This photomicrograph shows the diffraction pattern of a thin liquid contamination on the end-face, most likely alcohol
This photomicrograph shows the diffraction pattern of a thin liquid contamination on the end-face, most likely alcohol

Some companies buy the purest IPA they can get, which is called “reagent grade” IPA. They use this to try to solve the fiber cleaning problem.

But I believe that the purchase of 99.9% “reagent grade IPA” is a waste of money and effort. Here’s the ‘little secret’ about reagent-grade IPA: since it is the most pure it also is the most hygroscopic. 99.9% “reagent-grade IPA” will reduce itself to “drug-store” purity long before the container is emptied.

Unless the techs are buying reagent-grade IPA in a hermetically-sealed container and using it under very controlled conditions (such as protecting it with a nitrogen blanket to control moisture absorption) your company is just wasting money.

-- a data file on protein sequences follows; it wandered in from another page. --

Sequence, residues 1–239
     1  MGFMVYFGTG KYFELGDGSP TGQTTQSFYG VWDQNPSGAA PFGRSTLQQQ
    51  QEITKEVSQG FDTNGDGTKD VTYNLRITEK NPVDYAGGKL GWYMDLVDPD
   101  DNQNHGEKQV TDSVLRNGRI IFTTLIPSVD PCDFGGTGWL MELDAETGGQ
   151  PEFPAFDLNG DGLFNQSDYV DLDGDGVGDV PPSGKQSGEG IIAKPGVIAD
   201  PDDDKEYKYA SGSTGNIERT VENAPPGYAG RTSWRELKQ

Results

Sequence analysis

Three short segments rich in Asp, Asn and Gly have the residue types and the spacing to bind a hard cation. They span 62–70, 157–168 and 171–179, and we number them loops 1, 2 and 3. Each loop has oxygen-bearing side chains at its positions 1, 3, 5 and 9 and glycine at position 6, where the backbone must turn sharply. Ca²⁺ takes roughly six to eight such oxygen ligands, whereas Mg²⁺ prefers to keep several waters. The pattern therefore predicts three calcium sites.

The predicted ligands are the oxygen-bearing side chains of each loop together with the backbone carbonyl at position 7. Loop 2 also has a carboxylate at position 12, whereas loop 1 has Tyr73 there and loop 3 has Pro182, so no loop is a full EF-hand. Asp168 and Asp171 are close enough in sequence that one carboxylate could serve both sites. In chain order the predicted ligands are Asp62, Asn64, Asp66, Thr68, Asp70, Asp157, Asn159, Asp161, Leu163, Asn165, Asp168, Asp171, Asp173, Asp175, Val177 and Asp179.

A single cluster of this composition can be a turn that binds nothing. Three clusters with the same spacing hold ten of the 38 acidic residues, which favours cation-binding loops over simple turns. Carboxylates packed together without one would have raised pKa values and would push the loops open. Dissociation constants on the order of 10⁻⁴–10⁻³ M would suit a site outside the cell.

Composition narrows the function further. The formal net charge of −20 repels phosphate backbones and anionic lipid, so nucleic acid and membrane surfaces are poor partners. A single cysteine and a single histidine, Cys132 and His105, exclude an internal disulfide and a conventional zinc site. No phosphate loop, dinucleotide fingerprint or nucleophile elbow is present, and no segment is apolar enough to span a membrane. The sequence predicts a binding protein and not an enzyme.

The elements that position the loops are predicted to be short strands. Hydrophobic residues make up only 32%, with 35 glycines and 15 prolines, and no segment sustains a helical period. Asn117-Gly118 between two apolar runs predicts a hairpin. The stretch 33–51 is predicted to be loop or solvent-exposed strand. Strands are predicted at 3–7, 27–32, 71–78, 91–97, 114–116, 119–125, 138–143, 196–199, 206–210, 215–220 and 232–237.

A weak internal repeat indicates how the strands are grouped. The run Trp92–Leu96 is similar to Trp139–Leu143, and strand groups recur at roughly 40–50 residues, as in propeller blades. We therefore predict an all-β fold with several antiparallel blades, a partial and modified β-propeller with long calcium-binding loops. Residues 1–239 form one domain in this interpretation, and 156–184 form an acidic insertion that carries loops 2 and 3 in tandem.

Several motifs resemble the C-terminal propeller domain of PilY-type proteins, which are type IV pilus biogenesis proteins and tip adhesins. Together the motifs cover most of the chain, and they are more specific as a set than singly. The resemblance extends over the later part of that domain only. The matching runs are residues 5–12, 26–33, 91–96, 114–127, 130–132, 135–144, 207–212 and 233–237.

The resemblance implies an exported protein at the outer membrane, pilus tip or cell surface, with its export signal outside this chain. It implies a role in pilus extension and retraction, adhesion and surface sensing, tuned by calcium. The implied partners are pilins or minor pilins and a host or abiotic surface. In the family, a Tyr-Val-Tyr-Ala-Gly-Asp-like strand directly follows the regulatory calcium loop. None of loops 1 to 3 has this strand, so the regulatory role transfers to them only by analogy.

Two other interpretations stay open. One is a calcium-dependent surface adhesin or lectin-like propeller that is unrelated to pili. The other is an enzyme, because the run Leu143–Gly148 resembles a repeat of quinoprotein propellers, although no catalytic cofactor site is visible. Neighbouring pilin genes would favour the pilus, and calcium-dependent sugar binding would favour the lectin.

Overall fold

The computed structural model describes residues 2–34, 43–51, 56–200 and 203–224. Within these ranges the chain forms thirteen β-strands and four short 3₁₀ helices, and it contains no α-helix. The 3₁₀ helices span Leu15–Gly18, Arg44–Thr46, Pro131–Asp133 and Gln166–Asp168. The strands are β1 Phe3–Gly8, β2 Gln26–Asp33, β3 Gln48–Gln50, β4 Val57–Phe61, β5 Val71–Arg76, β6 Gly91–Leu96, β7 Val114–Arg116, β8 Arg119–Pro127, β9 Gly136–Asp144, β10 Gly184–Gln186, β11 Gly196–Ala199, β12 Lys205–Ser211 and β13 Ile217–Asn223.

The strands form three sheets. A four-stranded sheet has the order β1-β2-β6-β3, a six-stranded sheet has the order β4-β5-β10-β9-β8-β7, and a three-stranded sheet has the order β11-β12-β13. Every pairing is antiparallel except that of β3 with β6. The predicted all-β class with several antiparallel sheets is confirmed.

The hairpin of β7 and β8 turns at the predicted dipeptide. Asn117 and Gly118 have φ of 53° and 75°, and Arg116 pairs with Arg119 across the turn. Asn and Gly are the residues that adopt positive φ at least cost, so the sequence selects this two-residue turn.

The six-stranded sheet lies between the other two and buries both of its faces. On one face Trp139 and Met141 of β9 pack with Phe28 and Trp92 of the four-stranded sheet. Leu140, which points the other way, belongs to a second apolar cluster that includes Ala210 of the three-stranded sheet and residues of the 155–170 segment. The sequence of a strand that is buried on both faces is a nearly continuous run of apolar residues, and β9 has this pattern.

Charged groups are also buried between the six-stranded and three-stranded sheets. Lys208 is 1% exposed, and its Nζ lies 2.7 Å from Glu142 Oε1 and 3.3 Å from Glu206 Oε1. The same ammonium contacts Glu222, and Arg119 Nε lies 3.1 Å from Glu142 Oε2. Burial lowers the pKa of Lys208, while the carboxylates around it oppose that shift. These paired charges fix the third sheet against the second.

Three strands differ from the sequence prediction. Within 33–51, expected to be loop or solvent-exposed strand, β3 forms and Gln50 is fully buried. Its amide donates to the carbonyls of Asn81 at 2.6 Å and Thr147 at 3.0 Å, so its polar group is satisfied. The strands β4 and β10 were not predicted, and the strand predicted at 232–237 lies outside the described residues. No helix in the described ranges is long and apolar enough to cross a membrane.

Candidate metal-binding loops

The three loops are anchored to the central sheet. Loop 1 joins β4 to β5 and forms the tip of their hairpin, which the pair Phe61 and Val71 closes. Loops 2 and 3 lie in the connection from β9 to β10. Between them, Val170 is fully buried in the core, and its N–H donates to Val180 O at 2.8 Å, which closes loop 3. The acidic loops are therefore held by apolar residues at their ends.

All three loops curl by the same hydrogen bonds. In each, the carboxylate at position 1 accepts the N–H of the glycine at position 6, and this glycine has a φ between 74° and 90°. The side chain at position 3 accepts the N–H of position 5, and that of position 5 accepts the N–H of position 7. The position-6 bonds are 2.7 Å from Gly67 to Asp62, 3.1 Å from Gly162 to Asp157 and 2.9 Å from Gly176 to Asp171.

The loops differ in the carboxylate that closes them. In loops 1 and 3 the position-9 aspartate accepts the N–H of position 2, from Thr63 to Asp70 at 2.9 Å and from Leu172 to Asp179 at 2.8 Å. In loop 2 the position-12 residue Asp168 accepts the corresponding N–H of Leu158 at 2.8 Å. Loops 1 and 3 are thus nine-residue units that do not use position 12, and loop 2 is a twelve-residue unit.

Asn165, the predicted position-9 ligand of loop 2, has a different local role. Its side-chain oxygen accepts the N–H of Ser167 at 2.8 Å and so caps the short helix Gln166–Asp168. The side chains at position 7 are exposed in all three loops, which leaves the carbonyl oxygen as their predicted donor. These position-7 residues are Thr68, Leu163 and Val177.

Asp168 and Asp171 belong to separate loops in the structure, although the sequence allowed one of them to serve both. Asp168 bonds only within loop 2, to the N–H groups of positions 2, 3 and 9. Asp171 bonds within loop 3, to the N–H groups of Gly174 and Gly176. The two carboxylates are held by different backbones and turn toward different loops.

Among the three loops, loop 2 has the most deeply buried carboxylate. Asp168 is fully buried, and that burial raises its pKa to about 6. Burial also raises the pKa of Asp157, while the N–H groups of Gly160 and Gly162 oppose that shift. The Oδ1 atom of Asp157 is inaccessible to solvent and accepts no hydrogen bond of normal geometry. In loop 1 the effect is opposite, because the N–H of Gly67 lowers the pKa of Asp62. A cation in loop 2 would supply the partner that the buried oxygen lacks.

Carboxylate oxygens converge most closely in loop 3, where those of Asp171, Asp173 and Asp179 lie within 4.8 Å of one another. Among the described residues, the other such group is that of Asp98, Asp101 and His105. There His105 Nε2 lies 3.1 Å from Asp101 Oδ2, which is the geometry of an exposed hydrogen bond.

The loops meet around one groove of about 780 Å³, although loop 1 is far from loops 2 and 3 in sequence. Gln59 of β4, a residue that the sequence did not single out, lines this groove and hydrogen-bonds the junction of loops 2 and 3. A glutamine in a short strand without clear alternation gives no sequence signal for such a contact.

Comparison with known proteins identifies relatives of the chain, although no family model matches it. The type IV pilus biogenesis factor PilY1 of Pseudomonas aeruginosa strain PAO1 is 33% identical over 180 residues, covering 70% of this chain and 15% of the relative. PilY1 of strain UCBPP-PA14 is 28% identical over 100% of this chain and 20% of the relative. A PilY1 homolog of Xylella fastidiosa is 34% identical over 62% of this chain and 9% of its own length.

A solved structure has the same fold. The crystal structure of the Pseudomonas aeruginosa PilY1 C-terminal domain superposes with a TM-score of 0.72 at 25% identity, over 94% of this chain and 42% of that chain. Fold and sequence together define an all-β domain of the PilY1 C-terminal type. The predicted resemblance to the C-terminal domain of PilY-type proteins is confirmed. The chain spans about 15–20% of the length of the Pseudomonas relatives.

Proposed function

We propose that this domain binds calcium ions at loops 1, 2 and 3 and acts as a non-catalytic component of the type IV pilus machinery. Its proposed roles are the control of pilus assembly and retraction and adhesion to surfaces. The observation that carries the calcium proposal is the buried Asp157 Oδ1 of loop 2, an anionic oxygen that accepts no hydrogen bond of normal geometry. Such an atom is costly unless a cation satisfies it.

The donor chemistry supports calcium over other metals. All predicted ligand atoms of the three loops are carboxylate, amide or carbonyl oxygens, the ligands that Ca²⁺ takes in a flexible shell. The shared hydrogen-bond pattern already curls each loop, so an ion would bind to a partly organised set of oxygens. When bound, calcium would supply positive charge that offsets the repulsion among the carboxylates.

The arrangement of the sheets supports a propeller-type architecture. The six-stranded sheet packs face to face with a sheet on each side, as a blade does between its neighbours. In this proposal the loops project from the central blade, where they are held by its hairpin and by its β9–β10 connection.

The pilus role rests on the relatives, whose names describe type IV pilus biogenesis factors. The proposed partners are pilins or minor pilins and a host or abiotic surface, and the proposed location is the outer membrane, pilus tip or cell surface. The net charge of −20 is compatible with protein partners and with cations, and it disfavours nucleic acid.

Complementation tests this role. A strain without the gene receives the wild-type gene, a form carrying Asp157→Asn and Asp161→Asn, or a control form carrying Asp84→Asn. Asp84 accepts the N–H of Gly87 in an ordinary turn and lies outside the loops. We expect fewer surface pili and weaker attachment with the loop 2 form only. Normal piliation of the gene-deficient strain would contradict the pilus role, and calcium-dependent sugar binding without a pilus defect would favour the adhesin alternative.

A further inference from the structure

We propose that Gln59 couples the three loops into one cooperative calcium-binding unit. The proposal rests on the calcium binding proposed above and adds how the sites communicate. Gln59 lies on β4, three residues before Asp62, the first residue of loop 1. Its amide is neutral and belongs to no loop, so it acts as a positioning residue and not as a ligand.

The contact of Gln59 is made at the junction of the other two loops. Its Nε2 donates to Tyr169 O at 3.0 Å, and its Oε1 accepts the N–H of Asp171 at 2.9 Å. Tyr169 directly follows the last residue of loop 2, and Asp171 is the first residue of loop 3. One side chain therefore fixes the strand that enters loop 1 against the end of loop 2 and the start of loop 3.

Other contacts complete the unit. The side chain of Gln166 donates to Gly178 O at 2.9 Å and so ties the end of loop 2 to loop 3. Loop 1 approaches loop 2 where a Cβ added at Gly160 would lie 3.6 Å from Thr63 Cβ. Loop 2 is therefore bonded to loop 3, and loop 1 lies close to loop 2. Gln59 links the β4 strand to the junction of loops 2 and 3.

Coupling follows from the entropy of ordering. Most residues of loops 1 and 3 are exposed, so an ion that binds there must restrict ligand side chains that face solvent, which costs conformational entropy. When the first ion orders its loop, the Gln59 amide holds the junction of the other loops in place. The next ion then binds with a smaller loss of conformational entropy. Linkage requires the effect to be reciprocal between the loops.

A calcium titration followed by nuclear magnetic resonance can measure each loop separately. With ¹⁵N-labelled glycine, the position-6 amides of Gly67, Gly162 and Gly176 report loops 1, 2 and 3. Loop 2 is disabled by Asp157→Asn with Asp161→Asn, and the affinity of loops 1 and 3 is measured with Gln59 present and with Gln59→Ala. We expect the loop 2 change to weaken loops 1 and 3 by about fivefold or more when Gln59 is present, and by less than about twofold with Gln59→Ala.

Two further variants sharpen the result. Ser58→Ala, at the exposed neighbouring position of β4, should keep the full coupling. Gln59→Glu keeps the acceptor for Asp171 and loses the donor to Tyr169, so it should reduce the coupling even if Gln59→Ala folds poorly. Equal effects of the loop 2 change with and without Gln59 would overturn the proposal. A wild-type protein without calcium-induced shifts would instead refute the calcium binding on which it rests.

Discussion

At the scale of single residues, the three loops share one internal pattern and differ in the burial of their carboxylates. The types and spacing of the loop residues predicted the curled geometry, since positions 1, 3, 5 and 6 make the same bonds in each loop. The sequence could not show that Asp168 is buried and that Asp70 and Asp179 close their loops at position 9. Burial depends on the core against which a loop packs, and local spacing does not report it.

Plus, even if they do all that, it still doesn’t change the other problems with IPA alcohol, such as the slow-drying nature and the flammability and the smell.

In short, IPA is yesterday’s news. It’s time to upgrade,

 

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